Conarium is a chilling Lovecraftian game that follows the story of four scientists who are looking to stretch past and exceed the limits of nature as we know it. This game does a great job, particularly with it’s eerie setting that leaves you wanting more after it is completed, but guess what, there is more. You will find the “more” that you are looking for in the form of a couple of alternate endings once you have completed the story, which runs about 6 hours if you aren’t in a hurry.
Conarium is not your typical survival horror game like some may be expecting. And guess what? That’s okay! What the team did to distinguish itself works in more ways than one. Conarium is a game that thrives on eerie atmosphere and its ability to deliver tension rather than the cheap scares most survival horror games are built around. Instead you are hooked by the creepy feel that is brought to you from the style and the mood of the atmosphere.
What really sticks out about Conarium is how well the level design is throughout the game. Not only did the team at Zoetrope Interactive do a great job with the levels themselves, they also found a way to implement puzzles into the game and did so flawlessly. Sure, you can argue that the puzzles are simple and don’t take long to figure out, but that’s what makes the puzzles seem rather seamless. Along with the successful level design throughout the game, another thing that really sticks out is the character design and the art of the game. Not only are the levels very smooth and enjoyable (if you can shake that eerie feeling that always seems right behind you while playing), but they are also an absolute pleasure to look at.
The atmosphere is great and will make you forget that this game came from an indie development. The designers for this game paid great attention to detail and it really pays off as you ascend through this creepy story. This is key for a game like this because this isn’t your typical survival horror game, with cheap scares and blood sprayed all over every surface that you can lay eyes on. This game thrives on it’s story telling and it’s exploration is what is relied on to help tell that story. Thanks to the detail and the development team’s ability to not lose sight or fall into a typical survival horror stereotype, it excels in every way.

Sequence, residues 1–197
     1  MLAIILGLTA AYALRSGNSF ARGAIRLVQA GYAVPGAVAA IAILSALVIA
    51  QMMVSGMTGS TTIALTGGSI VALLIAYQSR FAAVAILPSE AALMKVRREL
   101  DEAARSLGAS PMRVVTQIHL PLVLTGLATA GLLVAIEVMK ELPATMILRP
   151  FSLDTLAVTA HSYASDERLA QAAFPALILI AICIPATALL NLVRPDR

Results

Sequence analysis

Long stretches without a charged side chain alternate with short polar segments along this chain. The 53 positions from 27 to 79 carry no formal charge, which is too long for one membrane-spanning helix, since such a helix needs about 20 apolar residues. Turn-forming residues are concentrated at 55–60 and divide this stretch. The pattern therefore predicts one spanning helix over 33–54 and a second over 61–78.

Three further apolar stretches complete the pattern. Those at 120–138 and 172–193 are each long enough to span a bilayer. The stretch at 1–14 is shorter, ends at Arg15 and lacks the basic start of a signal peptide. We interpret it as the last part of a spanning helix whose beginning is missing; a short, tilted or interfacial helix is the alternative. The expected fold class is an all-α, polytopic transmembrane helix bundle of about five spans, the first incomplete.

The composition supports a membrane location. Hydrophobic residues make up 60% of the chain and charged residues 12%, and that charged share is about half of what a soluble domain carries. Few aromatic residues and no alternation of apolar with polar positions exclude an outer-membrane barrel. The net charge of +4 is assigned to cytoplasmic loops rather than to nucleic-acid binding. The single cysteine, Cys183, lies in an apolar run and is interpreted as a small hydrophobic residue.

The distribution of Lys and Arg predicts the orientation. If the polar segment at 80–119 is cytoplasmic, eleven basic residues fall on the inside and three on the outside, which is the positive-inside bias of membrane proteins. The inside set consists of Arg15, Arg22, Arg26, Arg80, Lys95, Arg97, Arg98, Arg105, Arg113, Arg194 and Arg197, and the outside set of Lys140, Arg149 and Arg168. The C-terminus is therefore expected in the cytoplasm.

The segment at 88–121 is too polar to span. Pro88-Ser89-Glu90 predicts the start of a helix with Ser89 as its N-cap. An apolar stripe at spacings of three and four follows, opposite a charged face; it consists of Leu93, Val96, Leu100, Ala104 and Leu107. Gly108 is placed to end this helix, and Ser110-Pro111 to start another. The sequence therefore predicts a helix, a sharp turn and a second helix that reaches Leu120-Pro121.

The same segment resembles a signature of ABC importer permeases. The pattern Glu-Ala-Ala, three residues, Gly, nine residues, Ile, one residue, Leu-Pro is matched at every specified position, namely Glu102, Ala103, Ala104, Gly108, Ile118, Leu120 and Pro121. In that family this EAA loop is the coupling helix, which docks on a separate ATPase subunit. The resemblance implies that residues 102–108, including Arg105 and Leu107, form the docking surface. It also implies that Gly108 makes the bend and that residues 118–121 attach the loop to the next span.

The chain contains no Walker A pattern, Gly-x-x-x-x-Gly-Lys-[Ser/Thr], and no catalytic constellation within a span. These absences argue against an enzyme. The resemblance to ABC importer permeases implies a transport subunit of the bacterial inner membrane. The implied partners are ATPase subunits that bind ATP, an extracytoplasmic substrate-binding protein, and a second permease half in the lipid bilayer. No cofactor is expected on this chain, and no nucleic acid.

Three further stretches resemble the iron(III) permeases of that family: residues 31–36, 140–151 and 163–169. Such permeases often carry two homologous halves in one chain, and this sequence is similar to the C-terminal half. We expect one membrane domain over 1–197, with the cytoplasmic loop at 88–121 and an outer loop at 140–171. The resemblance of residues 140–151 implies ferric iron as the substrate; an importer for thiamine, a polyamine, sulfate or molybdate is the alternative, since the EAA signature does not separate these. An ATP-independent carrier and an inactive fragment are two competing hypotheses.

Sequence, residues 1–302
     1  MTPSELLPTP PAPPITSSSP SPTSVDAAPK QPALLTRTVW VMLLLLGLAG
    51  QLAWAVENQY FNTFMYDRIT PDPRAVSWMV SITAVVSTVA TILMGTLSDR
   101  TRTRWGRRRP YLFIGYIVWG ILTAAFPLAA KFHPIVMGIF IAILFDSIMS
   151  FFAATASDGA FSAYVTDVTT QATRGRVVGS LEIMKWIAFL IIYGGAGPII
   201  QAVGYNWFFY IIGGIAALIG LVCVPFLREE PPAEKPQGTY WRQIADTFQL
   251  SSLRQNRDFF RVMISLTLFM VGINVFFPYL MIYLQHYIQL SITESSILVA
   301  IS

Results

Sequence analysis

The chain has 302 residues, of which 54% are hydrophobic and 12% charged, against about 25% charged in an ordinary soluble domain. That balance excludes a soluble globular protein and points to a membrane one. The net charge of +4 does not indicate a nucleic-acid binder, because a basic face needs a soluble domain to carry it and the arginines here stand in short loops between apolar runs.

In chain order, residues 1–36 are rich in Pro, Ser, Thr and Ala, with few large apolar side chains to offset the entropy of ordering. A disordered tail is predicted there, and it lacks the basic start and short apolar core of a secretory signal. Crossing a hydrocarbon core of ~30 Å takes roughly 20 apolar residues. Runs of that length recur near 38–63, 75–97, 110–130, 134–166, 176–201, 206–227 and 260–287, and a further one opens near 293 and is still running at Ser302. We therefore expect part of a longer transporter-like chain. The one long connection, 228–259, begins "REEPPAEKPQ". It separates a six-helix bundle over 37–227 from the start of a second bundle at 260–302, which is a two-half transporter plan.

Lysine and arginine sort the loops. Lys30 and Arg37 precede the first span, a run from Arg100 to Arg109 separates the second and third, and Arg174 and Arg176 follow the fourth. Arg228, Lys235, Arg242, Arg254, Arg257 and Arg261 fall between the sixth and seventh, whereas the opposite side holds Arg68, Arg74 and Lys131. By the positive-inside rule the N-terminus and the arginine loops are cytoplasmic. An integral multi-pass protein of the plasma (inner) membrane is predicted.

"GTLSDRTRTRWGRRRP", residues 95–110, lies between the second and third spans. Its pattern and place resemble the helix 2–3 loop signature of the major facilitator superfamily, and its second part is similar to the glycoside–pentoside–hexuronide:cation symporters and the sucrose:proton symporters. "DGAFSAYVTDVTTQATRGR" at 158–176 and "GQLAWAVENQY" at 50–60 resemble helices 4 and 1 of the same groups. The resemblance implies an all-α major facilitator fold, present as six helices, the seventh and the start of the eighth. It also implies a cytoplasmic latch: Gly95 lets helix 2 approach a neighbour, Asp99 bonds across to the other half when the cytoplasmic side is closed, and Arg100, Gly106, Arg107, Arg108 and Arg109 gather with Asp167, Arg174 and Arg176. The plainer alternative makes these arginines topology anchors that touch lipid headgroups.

While the story is roughly only six hours in length, the idea of adding alternate endings was just enough to give this game the replay value that it needed to justify the purchase. So, this is where the shortness of the story actually works out. Have you ever played a game and new that it had an alternate ending, but to get to that alternate ending you would need to play through another 12-15 hour campaign to experience the five minute difference? Sometimes it’s really not worth it, right? This is not one of those cases. Which was pleasing, since I can only remember one other game that seemed to do this the right way (which I will not mention by name, because this is Conarium‘s review).
While Conarium is lacking in a couple of small categories such as, lackluster voice acting and lack of rewards for finishing the puzzles throughout the story, what you have here is a different outlook on survival horror. This game isn’t “scared” to expand beyond the creepy shell that has been horror games of the past few years. Instead, you get a short and sweet survival adventure game that has just enough length to its story to keep you intrigued, but not too much to make you contemplate whether or not to play through for alternate endings. You will want to check them out, just like you will want to check out this H.P. Lovecraft inspired gem.
This review is based on a retail copy of the game provided by the publisher.